‘Don’t vandalise to show support’ - Record producer begs fans to promote new single responsibly

May 15, 2019
Deadline Recordz producer Jermaine ‘Finga’ Parchment (left) and dancehall artiste Teejay.
Contributed Deadline Recordz producer Jermaine ‘Finga’ Parchment (left) and dancehall artiste Teejay.

One of the producers of the single ' Motivation' by dancehall's most recent trending artiste, Teejay, is pleading with fans not to deface buildings to show their support for the song.

"It makes us know people are listening and I like that, but I don't want persons to mark on the walls of businesses, apartment complex or schools to show support, that's not the way. Just gwaan listen out for more from the artiste and our record label," said Jermaine 'Tu Finga' Parchment, founder of Deadline Records.

The track is getting plenty of attention from the public as streets across the metropolitan area are being spray-painted with the artiste's name and song title.

Deadline Records and Koloni One Production collaborated to produce the track, and the representatives are confident that no one from their team or Teejay's team is involved in the act.

"I am telling you facts that I am not the person spray-painting the walls and no individual affiliated with me have gone out of their way to do that as a means to promote the single," Parchment told THE STAR. "I don't know anyone who would do that, and the artiste and his team not going waste time and do that either."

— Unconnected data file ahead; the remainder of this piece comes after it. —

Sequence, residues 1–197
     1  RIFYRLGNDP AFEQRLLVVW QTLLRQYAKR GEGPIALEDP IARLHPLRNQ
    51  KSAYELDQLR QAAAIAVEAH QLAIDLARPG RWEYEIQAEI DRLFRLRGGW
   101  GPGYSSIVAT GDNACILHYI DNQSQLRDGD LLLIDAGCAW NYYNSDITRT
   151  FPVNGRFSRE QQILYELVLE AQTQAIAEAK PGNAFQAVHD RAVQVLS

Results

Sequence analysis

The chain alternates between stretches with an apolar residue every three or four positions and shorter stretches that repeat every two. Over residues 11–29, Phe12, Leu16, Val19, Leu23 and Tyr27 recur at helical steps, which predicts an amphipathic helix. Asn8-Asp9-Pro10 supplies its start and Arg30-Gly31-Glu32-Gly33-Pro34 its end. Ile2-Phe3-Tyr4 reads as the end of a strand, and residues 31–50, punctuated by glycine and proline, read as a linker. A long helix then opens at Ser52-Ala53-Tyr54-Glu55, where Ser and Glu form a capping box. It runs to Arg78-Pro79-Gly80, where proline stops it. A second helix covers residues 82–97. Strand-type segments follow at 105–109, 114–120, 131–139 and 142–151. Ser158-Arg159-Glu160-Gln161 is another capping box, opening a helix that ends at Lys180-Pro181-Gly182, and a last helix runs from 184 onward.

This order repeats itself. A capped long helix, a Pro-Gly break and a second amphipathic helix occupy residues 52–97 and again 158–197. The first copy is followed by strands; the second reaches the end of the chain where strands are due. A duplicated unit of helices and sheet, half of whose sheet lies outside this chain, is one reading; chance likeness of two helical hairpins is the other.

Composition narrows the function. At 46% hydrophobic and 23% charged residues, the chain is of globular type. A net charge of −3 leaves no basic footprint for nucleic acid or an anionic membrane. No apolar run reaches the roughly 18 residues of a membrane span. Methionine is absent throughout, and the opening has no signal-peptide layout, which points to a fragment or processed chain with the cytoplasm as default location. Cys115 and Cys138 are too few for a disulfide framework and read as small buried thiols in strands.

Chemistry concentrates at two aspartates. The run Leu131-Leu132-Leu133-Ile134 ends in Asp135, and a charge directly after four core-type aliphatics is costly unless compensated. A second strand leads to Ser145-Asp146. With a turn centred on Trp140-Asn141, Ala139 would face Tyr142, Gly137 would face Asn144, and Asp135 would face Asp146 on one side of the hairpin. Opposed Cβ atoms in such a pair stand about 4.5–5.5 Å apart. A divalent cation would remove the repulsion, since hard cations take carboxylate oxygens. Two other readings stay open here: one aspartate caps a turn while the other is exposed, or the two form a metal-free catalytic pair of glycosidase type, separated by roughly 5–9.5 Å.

The single was actually leaked online pending the official release date which, according to the producer, was to be decided for later this year based on Teejay having other tracks lined up.

"Following the leak, Akam Entertainment came on board to push the single on their YouTube page on Tuesday, April 2. I have grand expectations for the song but only hope people will continue to show it support and relate to the words," Parchment said.

Motivation has gained more than 50,000 views or listens on that YouTube channel thus far, and although appreciative of the promotion in the streets, the producer explains, "The direct number of persons that have searched for the song after seeing the graffiti would be hard to calculate."

He says the spray-paint method of promotion is not new to the dancehall scene as other artistes or songs have been promoted in a similar way across the island in the past.

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